Part 2 – Configuring The IPSec Tunnel
First thing you’ll need to do is decide whether you’re going to use certificate based or PSK authentication between the ends of the IPSec tunnel, if you decide on certificate based auth, you’ll of course need some certificates, your choice where you get them from, I created an internal CA on my local pfSense box and used that to issue the certificates for my tunnel.
Next step is to configure IPSec Phase 1 (the configurations of each end of the IPSec tunnel are basically mirrors of each other, so I’ll only show one side here);
Now onto Phase 2 (again, this is the “outside” host, the “inside” host mirrors this);
Once that’s done, verify that the tunnel comes up.
At this point you’re largely done and dusted, you need to assign an appropriate IP address (one from your \48) to the LAN interface on your local pfSense box, configure DHCPv6 however you choose, personally I assign the chunk of addresses from ::00FF to ::EFFF to my wired LAN then delegate \62 prefixes out to every other router in my network to dispense as needed, it’s unlikely I’m ever going to have more than 4 subnets behind any of them, should that change in future I can always change the delegation size.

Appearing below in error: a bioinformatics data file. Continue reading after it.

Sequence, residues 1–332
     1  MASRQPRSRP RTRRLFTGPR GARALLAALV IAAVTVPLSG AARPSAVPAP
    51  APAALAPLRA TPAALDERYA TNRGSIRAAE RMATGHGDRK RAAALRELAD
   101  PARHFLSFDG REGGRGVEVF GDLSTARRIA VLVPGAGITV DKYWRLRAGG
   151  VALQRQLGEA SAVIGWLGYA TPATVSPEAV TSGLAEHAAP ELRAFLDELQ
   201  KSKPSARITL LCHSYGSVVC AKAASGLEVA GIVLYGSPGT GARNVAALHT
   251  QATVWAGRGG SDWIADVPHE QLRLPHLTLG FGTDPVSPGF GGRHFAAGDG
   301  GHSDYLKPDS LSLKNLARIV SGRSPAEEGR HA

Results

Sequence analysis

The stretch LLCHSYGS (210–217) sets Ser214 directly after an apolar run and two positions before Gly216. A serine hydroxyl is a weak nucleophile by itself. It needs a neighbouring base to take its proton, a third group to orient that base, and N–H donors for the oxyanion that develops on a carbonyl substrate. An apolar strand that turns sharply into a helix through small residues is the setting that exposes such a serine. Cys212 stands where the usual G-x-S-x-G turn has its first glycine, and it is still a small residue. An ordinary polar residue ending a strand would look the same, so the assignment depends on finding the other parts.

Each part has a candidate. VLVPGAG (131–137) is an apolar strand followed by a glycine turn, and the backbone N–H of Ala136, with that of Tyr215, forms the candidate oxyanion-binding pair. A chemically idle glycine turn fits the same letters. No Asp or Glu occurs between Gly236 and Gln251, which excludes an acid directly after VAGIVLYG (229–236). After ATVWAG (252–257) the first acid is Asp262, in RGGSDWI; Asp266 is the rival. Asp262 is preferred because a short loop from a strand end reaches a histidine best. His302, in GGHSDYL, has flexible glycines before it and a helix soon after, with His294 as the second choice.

The config as described here does work, but there’s an issue which seems intractable, inbound connections on IPv6 are fine, connections between “inside” hosts and the “outside” host are fine, connections from my “outside” host and the rest of the world are fine, but connections from “inside” to the rest of the world are excessively slow (~70kB/sec), it seems to be an MSS/MTU issue, I suspect that the IPSec overhead is just too much to do efficient IPv6 encapsulation on my connection.
So for the purposes of exposing internal hosts this is fine (because my end manages MSS at that point), but for actually connecting out to the IPv6 internet it’s not great.
My next step will be to try again with another tunneling protocol that’s lighter weight than IPSec, more on that when I get around to it 😉